Further, the evidence showed that defendant did not use the working cellular telephone in the house to call 911, but instead went to his nephew's residence and announced that Pilot had committed suicide. The officers who arrived at the scene, many with several years of experience in investigating suicide deaths involving a long gun, immediately observed that the scene was inconsistent with a suicide and appeared to have been altered. Both a medical expert and a firearms expert also agreed that the scene had been altered and there was a “cover-up.” Testimony from both the responding paramedic and a law enforcement officer also indicated that Pilot had not died as recently as defendant reported. From this testimony, a jury could reasonably infer that after shooting Pilot at close range with a 20-gauge shotgun, defendant took the time to adjust the scene to stage a suicide before reporting her death. In addition, defendant gave the police three different versions of what occurred, first stating that Pilot shot herself, and ultimately stating that the gun accidentally discharged as he and Pilot struggled over it. But there was no sign of a struggle around the body or in the bedroom. At trial, defendant reverted to the assertion that Pilot committed suicide.
The reasonable inferences arising from this evidence, considered together, were sufficient to support a finding of premeditation and deliberation for first-degree murder beyond a reasonable doubt. Although defendant argues that different inferences should be drawn from the evidence, those challenges are related to the weight of the evidence rather than its sufficiency. . . . The same challenges asserted on appeal were presented to the jury during trial. This Court will not interfere with the jury's role of determining issues of weight and credibility. . . . Rather, this Court must draw all reasonable inferences and make credibility choices in support of the jury's verdict, and that deferential standard of review “is the same whether the evidence is direct or circumstantial.” . . . Viewed in a light most favorable to the prosecution, the evidence was sufficient to sustain defendant's conviction of first-degree premeditated murder.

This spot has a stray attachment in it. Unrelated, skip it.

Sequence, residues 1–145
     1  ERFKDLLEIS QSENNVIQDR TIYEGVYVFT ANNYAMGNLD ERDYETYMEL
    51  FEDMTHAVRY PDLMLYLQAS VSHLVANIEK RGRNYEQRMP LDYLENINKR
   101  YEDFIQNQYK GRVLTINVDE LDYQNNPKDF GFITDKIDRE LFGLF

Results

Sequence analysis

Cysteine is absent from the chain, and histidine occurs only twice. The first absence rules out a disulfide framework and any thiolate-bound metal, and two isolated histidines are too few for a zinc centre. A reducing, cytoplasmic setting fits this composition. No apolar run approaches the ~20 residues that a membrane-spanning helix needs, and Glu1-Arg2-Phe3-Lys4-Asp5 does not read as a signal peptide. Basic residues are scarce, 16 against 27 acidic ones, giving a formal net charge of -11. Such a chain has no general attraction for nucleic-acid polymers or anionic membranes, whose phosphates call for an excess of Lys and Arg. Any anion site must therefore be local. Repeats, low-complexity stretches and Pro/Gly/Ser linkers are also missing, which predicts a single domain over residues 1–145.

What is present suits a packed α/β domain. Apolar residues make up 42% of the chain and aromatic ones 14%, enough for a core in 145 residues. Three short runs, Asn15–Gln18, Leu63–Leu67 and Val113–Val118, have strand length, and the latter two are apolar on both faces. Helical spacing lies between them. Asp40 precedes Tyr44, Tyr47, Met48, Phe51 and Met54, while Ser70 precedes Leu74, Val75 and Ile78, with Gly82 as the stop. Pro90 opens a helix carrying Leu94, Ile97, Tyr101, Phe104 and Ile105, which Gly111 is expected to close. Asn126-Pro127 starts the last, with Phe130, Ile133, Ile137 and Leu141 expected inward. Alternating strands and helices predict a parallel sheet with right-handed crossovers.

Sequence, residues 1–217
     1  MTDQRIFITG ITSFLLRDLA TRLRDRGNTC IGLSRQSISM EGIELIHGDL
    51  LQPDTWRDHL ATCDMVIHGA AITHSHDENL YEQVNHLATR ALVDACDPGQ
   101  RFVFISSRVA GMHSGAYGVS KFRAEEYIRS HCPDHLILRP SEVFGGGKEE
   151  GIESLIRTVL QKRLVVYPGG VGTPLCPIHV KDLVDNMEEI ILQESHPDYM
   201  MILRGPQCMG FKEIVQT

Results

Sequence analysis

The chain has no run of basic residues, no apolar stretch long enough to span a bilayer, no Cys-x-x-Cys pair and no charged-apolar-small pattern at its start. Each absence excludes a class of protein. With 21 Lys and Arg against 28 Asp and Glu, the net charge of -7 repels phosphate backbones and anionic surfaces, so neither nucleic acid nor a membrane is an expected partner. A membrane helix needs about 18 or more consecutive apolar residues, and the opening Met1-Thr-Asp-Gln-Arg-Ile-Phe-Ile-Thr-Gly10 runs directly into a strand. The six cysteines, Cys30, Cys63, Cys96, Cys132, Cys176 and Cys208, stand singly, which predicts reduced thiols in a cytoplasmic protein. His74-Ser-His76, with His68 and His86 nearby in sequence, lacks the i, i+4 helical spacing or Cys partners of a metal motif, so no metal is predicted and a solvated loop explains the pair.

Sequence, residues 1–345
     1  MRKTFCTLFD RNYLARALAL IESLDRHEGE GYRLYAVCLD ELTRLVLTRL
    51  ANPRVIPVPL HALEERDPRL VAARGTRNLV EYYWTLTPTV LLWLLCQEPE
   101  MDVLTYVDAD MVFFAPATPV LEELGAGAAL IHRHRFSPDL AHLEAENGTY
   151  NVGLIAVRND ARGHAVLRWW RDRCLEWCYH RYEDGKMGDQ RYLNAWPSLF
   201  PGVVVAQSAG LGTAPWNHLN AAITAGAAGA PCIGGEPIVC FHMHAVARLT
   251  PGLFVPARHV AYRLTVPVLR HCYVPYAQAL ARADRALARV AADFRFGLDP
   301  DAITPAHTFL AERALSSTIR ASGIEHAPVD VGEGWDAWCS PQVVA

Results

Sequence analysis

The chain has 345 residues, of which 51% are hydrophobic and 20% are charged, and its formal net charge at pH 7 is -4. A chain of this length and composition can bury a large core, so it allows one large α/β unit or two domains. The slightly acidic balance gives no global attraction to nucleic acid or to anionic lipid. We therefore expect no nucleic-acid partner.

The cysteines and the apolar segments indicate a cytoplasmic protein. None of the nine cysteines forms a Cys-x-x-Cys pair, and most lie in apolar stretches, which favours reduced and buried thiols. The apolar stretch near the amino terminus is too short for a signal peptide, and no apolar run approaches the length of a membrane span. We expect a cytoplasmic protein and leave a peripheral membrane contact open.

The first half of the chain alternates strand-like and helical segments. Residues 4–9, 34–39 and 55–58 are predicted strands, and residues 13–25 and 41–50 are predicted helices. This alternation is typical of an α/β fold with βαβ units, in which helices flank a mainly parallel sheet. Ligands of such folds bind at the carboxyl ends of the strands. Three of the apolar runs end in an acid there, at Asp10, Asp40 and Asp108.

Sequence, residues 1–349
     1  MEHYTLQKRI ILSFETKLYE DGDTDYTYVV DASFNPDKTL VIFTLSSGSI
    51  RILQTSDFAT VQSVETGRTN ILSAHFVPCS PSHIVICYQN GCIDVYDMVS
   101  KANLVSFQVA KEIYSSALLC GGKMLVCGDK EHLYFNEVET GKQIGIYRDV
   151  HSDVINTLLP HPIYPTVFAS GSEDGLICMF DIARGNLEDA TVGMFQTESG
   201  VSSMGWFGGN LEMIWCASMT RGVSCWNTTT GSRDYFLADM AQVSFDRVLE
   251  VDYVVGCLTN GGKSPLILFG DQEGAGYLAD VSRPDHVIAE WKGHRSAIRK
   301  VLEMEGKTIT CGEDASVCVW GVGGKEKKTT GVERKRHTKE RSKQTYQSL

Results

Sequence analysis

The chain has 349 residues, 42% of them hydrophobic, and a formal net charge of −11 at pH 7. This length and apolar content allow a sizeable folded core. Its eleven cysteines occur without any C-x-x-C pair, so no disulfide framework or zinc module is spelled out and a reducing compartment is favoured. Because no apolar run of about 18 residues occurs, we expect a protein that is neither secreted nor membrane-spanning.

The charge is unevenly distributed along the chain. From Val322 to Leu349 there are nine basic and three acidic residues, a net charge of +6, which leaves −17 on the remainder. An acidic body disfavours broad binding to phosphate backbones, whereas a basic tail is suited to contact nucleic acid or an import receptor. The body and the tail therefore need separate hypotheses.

Porter, 2014 WL 575760 at *2-3 (internal citations omitted).

         There is nothing unreasonable about this decision and it is fully supported by the record.

         For one, Porter and Pilot had a tumultuous relationship. (See, e.g., 8-16, PID 1170.) At times, their often alcohol-fueled disagreements became physical. (See, e.g., 8-16, PID 1190, 1208.) And according to Pilot's co-worker, Ashley Rolfe, Pilot said days before the shooting that Porter had even threatened to kill her. (R. 8-6, PID 1304.) (As the Court will discuss later, it was not unreasonable for the Michigan Court of Appeals to conclude that this testimony was admissible.) They argued again on the day of the shooting.

         A reasonable jury could have inferred that the ensuing shotgun wound to Pilot's chest was inconsistent with suicide, for several reasons. The gun was found in an unnatural position next to her body. (R. 8-18, PID 1893.) The wound was consistent with Pilot laying still at the time of the shooting, meaning Porter would have had time to contemplate his actions while approaching her with the gun. (See R. 8-18, PID 1843.) Absent was the type of blood splatter expected from a self-inflicted wound. (R. 8-17, PID 1356, 1530.) Moreover, a spent shell casing was found on the floor, one that in all likelihood had to have been manually removed from the weapon by someone other than the victim. (R. 8-17, PID 1564, 1571.) And Porter's own DNA matched a sample taken from the trigger. (R. 8-19, PID 2182-83.)

         After the shooting, instead of calling 911, Porter left the scene and told family members that Pilot had committed suicide. (R. 8-16, PID 1282.) But he left only after apparently altering the crime scene, leaving the gun placed “neatly” next to her. (R. 8-17, PID 1530.) He subsequently gave inconsistent accounts to the police, one including a claim the gun went off during a struggle between the two of them. (R. 8-19, PID 2024.) The Court of Appeals reasonably found that this overwhelming evidence was sufficient to sustain the jury's first degree murder conviction.

         Porter's arguments to the contrary are meritless. First, he attacks the credibility of Dr. Brian Hunter, a forensic pathologist who opined that Pilot's death was not a suicide, in part because another forensic pathologist, Dr. Joyce DeJong (the medical examiner in the case), classified the cause of death as “indeterminate.” (R. 11, PID 3135; R. 8-18, PID 1895; R. 8-18, PID 1857.) But “attacks on witness credibility are simply challenges to the quality of the government's evidence and not to the sufficiency of the evidence.” Martin v. Mitchell, 280 F.3d 594, 618 (6th Cir. 2002). Second, Porter criticizes the Michigan Court of Appeals for failing to emphasize that he was drunk at the time of his questioning by police. (R. 11, PID 3136.) ...